Stories can kill or save our planet. The story ruling the world in recent centuries is the one pushed by white settler colonialists for their own profit and power. It depicts the Earth as an inanimate wilderness to be conquered with resources to be extracted for a single species, and only some of us. As Amitav Ghosh argues in his 2021 book The Nutmeg’s Curse1, their success fueled our current crisis.
Unlike the greed and callousness perpetuating this dystopia, there have always been qualities of humans and many (maybe most) other species nurturing a different story. This is one of embodied, direct experience of the earth, unmediated by profit-seeking and the technology invented to tear at the earth’s treasures to satisfy human appetites. It is one where we humans slow down to feel the earth’s pull, the chill and flow of a river, the sting of a bee, and yes the heat of a wildfire, thirst in the midst of a drought, and the fear of our inevitable fate. Through all of this, we can feel our innate kinship to and compassion for other animals, and all of life. Such intimate encounters are what gives meaning to our lives, and deaths. The stories we share about them, as Amitav Ghosh observes, feed our empathy for each other and the entirety of creation.
Not a resource to be exploited, this Earth is itself a living being with its own agency. It lives and tells its own vital story, which we can hear if only we listen. In his 1992 novel Ishmael2, Daniel Quinn describes the origins of the ruins we humans have created as the gradual domination of the takers over the leavers. The takers practiced and spread the story of domination and exploitation of the earth and other people. The leavers, in their received and evolving wisdom, kept listening to the stories of the earth and its diverse inhabitants in order to find their interdependent place among them. The sacrifice zones of the takers are ubiquitous: nuclear production and test sites on the remote drought plagued reservations of Native Americans, the petrochemical industry’s Cancer Alley in Louisiana, and the many Superfund sites, including our own Willamette River. Perhaps it’s no surprise that pursuing power over everyone and all that surrounds you has triumphed. It should also not surprise us that the earth has responded as it has.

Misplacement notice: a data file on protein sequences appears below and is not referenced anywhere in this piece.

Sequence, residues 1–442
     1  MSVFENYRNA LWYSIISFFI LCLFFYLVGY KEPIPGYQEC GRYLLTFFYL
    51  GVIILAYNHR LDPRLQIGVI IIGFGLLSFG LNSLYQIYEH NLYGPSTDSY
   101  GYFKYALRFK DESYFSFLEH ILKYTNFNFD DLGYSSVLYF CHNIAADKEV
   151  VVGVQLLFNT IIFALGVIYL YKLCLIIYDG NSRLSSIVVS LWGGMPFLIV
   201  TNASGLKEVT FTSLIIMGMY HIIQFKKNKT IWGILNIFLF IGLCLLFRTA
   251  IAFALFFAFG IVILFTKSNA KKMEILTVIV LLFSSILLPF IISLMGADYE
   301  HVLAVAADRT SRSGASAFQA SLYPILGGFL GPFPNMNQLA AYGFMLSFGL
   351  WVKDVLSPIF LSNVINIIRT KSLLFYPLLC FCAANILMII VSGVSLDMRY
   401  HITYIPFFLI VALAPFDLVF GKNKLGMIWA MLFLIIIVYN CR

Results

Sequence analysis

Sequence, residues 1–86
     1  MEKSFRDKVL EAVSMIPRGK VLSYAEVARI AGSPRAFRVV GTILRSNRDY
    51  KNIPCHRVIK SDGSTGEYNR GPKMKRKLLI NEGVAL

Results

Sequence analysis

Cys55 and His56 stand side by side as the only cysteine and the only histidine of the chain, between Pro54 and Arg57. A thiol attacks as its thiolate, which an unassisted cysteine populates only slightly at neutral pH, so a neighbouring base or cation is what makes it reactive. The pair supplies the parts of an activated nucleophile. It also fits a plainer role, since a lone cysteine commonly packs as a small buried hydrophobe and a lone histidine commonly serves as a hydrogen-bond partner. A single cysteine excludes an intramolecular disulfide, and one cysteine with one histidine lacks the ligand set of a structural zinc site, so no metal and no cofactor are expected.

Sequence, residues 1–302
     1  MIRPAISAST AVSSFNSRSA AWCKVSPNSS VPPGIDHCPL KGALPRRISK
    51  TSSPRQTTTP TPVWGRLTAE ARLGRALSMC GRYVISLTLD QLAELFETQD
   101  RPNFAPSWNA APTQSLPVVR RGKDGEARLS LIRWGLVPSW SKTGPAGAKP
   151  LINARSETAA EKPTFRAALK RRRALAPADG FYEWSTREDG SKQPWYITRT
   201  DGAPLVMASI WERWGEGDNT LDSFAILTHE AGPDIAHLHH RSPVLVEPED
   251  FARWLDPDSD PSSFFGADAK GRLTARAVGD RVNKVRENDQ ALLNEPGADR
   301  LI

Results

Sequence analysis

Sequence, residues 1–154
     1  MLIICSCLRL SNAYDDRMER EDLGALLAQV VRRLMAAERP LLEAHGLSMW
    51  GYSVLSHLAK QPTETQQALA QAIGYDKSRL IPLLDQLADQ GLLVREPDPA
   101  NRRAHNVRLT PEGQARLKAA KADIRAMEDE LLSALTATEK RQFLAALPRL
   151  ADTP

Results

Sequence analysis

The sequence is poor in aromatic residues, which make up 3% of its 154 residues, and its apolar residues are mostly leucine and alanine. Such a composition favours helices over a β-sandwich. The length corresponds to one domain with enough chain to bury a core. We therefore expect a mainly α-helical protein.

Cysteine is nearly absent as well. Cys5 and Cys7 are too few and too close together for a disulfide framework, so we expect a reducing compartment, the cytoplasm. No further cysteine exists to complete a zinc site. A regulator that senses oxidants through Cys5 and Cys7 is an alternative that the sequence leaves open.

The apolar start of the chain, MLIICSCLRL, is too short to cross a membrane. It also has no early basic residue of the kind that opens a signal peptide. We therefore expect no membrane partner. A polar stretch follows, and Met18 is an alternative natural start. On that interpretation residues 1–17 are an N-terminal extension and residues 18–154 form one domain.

The Earth recognizes the environmental injustice spewed upon it, the long history of the subjugation, extraction, and spoiling of its vital organs. And it is defending itself. Ghosh rightly points to the multiplying, strengthening wildfires, droughts, hurricanes, and floods as evidence of the earth’s awareness and agency, its absolute intolerance of being so mistreated.
As humble human beings, we can use our recognition of the earth’s vitality to, as Ghosh urges, orient it to the future. Our elders in this are the earth’s Indigenous peoples, the leavers, who have never stopped living and telling the story of the earth’s sacredness and their more-than-human relationships with other beings. With their message of “Water is life,” the Oceti Sakowin leaders of the Standing Rock protest encampment against the Dakota Access Pipeline demonstrated the kind of vitalist politics needed to keep their story alive, vital, and pointed to the future we want and deserve. That story and future, as Richard Heinberg asserts in his 2021 book Power: Limits and Prospects for Human Survival3, is one of choosing to limit our power over the earth and each other, our economic, technological, and military growth, and pursue instead degrowth.
1. A. Ghosh, The Nutmeg’s Curse, (Chicago, Ill: University of Chicago Press, 2021) https://multcolib.bibliocommons.com/v2/record/S152C1838877
2. D. Quinn, Ishmael, (New York, NY: Bantam/Turner Book, 1992) https://multcolib.bibliocommons.com/v2/record/S152C448916
3. R. Heinberg, Power: Limits and Prospects for Human Survival, (Gabriola Island, BC, Canada: New Society Publishers, 2021) https://multcolib.bibliocommons.com/v2/record/S152C1937864